Abrahamsson´s research group

Our research ultimately aims to use solar energy to drive processes that are important to humanity. It involves storing solar energy in chemical bonds, generating so-called solar fuels, for example by oxidizing water to hydrogen gas, or using sunlight to drive multi-electron reactions such as the reduction of carbon dioxide to methanol or methane. We are also working on making solar cells more efficient by making better use of all the sun’s photons.

The research can be divided into two main tracks. One is to study and control multiple electron transfers between molecules and different types of semiconducting materials, such as quantum dots or metal oxides, so-called conduction band-mediated charge transfer. In addition to designing materials and molecules with the properties we desire, we use, among other things, light, but also the surrounding environment to control the charge transfer processes.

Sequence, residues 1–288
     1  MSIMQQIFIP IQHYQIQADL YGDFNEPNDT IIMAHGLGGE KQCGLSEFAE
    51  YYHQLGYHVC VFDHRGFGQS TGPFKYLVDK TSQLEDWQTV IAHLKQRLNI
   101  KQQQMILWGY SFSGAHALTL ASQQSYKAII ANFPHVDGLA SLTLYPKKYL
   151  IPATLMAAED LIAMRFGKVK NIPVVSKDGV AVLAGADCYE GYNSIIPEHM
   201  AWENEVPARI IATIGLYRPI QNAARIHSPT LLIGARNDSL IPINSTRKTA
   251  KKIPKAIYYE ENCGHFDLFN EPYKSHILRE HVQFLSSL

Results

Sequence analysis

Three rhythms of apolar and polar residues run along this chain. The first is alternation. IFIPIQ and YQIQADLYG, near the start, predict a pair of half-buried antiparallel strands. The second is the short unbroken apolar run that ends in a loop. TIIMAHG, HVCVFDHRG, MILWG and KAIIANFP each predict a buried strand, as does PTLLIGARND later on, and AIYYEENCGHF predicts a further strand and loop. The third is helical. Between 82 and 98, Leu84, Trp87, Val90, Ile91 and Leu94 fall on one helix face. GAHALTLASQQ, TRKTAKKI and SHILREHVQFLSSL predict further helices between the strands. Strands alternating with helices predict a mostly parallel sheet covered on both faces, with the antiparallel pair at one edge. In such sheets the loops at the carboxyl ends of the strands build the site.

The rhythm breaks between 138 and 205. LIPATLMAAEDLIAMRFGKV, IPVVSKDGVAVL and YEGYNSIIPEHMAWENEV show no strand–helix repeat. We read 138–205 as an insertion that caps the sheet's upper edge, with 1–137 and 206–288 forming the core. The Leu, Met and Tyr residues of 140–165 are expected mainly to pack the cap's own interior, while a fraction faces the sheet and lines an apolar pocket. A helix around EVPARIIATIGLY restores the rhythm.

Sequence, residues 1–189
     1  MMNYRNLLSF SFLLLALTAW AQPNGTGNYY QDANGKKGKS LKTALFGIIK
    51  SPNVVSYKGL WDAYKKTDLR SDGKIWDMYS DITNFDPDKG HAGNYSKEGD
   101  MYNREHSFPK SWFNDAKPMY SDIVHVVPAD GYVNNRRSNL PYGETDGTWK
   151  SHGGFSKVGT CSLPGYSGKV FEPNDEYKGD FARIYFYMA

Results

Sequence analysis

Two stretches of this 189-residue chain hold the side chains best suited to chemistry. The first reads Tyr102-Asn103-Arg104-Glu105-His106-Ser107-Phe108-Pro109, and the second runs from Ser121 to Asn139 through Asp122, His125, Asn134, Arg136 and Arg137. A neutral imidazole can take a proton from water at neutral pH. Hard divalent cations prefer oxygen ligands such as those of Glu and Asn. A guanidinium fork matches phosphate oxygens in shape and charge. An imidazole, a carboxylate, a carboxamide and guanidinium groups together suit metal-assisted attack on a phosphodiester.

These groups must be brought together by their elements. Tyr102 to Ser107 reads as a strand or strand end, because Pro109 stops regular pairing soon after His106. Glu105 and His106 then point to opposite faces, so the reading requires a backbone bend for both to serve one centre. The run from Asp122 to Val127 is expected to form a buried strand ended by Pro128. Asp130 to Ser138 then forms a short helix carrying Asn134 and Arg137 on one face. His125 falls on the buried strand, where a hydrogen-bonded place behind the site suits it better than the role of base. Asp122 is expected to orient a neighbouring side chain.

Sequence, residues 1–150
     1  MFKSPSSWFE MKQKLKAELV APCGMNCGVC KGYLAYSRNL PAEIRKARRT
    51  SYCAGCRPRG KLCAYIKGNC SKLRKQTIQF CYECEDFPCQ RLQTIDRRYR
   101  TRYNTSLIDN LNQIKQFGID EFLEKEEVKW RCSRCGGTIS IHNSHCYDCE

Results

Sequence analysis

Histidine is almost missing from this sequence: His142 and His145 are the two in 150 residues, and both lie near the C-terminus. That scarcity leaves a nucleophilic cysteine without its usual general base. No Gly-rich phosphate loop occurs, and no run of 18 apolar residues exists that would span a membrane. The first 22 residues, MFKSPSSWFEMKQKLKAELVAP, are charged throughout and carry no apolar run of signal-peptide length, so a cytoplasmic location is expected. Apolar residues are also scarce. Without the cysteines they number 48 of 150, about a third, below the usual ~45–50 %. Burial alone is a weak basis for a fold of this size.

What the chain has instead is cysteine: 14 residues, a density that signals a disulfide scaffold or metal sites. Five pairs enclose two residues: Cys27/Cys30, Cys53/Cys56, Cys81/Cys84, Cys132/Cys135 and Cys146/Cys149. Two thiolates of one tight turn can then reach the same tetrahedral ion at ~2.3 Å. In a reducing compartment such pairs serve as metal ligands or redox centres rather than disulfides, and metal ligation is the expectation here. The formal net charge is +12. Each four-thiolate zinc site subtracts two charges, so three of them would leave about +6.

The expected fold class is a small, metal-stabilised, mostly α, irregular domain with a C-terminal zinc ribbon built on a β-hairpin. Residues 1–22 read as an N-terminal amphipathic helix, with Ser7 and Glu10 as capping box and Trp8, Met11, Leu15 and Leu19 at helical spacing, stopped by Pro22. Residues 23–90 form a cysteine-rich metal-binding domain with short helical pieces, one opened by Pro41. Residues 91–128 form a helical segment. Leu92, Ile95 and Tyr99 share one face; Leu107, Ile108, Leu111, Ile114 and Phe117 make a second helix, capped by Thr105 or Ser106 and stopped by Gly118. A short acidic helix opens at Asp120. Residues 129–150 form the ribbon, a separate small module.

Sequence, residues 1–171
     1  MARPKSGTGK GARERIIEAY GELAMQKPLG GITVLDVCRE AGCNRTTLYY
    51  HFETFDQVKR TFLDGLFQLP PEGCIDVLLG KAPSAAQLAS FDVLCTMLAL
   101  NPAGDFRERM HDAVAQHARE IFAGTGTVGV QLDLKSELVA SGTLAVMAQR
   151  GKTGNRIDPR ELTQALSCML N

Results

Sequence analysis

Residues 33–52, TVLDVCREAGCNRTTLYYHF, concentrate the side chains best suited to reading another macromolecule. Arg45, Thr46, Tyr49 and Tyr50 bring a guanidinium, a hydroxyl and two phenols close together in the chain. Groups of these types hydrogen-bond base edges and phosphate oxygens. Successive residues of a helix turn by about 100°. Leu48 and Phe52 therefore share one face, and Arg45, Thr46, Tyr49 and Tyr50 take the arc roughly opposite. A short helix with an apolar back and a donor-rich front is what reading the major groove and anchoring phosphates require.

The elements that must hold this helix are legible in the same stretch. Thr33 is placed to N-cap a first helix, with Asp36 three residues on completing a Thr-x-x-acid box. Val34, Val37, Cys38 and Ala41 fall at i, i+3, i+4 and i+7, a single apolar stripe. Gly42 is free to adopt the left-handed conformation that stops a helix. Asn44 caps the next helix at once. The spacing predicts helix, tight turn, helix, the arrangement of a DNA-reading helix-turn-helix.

The other main track concerns the development and characterization of new photoactive molecules and materials, that can absorb light and then use this extra energy to drive a desired process. It can be converting a high-energy photon into two charge carriers with half the energy, so called singlet fission, for more efficient solar cells, or about molecular sensors that change color depending on the energy of the light that hits them, to name just two examples.

We mainly use spectroscopic techniques, from ultrafast femtosecond laser spectroscopy to long time scales such as milliseconds or even minutes to study electron transfer reactions. We also use electrochemistry, spectroelectrochemistry, calorimetry and microscopy to understand the properties of our molecules and materials.

Current and previous external funding

The Swedish Research Council, the Swedish Energy Agency, Åforsk foundation, OIle Engkvist's foundation, KAW, Formas